Independent and FREE - 2021 Best Online Publication

How Daryl’s darkest demons have created light and hope

Independent and FREE – 2021 Best Online Publication (Qld Country Press)

How Daryl’s darkest demons have created light and hope


Orphan to soldier: how author's darkest demons have created light and hope

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A gripping story 63 years in the making has seen author Daryl Te’Nadii face his darkest demons and most “chilling” memories.

Born in New Zealand, abandoned by his mother and orphaned as a baby, Mr Te’Nadii grew up facing troubles and “atrocities” no child should experience and overcame two suicide attempts, all before the age of 15.

Going on to create his own triumphs amongst the darkness, Mr Te’Nadii is now telling his harrowing tale through his memoir, The Orphaned Soldier.

“I’ve been trying to put together an untold story of what took place in my life,” he said.

“I just needed answers and the best way to do it was to write things down.

“I was orphaned from birth and lived under the community banner of the church to face daily onslaughts of beatings, bashing, humiliation and I had my dignity stripped from me completely.”

After 12 years, Mr Te’Nadii was reunited with his biological mother only to face further abuse at the hands of his stepfather.

The cover of ‘The Orphaned Soldier’.

“(My stepfather) constantly beat me for no reason. He enjoyed it, I was his boxing bag,” he said.

“Then my mother deserted me without notice. I came home from school to find out she had shot through and left me with a man who didn’t want me and kicked me out.

“At 14 years of age I was living on the streets for a year, behind shops, on dirt, with cardboard to keep me warm.

“It’s not a proud part of my life and I get upset by it, but I had to eat out of garbage bins to survive.”

Mr Te’Nadii said during his early life he made two suicide attempts, one at 8 and one at 14, and was transferred into foster care at 15 before joining the army at 18.

During his time in the army, he spent four years completing his High School Certificate (HSC) and was also one of only 67 to be chosen for an elite training position.

“I completed the Golden Road for the SAS and I was picked up to spend another two years in training and became a master coach in all sports and a teacher of physical education in the army.

“It was a very elite position, there was only 67 of us in that position. I’m very, very proud of that moment in my life.”

Another lifetime triumph was winning 29 Australian titles and two international gold medals in powerlifting and body building.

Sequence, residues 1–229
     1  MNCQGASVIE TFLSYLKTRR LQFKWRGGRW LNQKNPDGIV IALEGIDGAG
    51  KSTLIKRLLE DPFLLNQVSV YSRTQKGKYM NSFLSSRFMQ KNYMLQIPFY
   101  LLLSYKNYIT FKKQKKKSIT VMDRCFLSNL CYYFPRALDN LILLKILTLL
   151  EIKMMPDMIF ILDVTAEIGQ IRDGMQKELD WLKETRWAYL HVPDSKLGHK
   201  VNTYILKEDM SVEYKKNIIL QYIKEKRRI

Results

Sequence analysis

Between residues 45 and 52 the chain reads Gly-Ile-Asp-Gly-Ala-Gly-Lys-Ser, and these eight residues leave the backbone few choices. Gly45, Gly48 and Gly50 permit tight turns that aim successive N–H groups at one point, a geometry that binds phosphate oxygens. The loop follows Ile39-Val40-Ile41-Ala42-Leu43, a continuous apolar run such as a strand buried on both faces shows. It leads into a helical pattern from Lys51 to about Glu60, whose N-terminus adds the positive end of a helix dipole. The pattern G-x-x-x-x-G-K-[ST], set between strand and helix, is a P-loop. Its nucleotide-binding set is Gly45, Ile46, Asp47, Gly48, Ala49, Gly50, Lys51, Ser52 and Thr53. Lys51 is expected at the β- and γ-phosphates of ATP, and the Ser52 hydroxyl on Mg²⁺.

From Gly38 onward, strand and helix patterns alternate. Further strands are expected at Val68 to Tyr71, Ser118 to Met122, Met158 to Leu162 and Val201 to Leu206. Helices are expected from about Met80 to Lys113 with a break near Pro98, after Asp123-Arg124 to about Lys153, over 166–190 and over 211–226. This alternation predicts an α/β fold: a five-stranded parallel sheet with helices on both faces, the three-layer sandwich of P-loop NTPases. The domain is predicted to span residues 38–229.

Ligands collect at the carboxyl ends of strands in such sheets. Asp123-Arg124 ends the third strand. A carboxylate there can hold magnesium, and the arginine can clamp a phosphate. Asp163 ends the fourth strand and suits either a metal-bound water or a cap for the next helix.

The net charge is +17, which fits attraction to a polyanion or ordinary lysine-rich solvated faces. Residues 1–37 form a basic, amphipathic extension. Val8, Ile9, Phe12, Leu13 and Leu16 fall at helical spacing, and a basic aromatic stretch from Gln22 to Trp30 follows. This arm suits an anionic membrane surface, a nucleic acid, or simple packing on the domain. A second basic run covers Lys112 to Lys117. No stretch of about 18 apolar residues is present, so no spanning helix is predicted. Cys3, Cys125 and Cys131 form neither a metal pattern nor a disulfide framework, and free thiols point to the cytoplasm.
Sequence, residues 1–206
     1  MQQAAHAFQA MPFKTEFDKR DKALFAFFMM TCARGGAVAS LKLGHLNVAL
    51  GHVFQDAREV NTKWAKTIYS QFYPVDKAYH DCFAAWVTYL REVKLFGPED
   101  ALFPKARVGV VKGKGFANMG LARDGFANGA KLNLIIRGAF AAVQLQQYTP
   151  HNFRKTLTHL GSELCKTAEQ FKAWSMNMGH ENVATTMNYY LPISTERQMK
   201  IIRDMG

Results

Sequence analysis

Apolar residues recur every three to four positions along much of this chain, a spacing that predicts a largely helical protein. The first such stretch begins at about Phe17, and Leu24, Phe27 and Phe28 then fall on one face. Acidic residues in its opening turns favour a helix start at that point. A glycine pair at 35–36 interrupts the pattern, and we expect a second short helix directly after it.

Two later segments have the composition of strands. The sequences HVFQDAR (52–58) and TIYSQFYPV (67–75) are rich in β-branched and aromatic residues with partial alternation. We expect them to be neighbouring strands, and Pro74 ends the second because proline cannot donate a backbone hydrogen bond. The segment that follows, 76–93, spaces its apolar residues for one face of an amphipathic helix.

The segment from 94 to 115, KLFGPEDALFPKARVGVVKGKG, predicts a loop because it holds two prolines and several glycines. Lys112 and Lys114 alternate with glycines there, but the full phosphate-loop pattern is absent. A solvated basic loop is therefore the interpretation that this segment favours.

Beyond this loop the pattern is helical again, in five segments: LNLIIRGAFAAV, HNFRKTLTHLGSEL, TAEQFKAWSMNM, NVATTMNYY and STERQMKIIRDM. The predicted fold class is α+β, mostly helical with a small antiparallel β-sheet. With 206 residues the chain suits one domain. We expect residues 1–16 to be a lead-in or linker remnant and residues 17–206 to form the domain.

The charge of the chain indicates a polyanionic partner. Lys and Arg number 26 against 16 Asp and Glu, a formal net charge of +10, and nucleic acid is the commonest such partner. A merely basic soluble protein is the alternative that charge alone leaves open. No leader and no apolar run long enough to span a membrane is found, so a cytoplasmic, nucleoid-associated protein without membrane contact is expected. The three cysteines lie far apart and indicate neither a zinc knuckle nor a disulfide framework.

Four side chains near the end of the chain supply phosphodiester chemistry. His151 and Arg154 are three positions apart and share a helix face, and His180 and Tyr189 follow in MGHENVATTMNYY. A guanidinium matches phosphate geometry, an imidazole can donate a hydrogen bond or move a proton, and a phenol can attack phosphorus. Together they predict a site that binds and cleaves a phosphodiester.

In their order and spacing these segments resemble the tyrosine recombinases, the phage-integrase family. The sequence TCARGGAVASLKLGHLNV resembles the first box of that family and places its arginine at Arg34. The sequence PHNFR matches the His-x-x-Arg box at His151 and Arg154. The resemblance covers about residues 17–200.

Daryl Te’Nadii won multiple medals in bodybuilding.

Now living on the Sunshine Coast and working as a wardrobe and screen installer, Mr Te’Nadii said the 13-year process to write his book was one of great difficultly as he dug up his worst memories.

“Having to remember those memories was the hardest thing in my life, it chilled me,” he said.

“I had shut down my first 18 years of my life. They weren’t even in existence until I started writing this book.

“Memories – they haunt me. The demons came out again and again. But I’ve gained a lot from it, and I’ve opened doors to a lot of people in my life and I’m grateful for it.

“Every chapter I wrote gave me time to reflect back on those moments, situations and people.

“The healing process was amazing. I have accepted more love and trust.”

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Available in 163 countries and having been told by his publishers the book has “movie potential”, Mr Te’Nadii hopes his story will shine a light on continuing violence against children.

“My first hope is that the harmful life that was lived upon me will be recognised by the courts and the church and they will stand up and take accountability for what took place,” he said.

“I want to get my message out that these stories are true, and they have happened in our backyards.

“There are so many people out there and they do need help, and this is what has happened and believe it or not, behind closed doors still happens today.

“No child deserves to be hurt the way I was. I don’t ever want to see anyone ever have to suffer again.”

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Mr Te’Nadii also hopes the book will advocate in support of men’s mental health having lost many close friends in similar situations to him, and his own son, to suicide.

“I didn’t step up and ask for help and when I finally had the chance to do it, I’d lost too many people I love.

“I want them to be aware that when someone is struggling it’s ok to need a hand.

“We all cry and we all bleed.”

The Orphaned Soldier is available at bookstores.

If you or anyone you know needs help, contact Lifeline on 13 11 14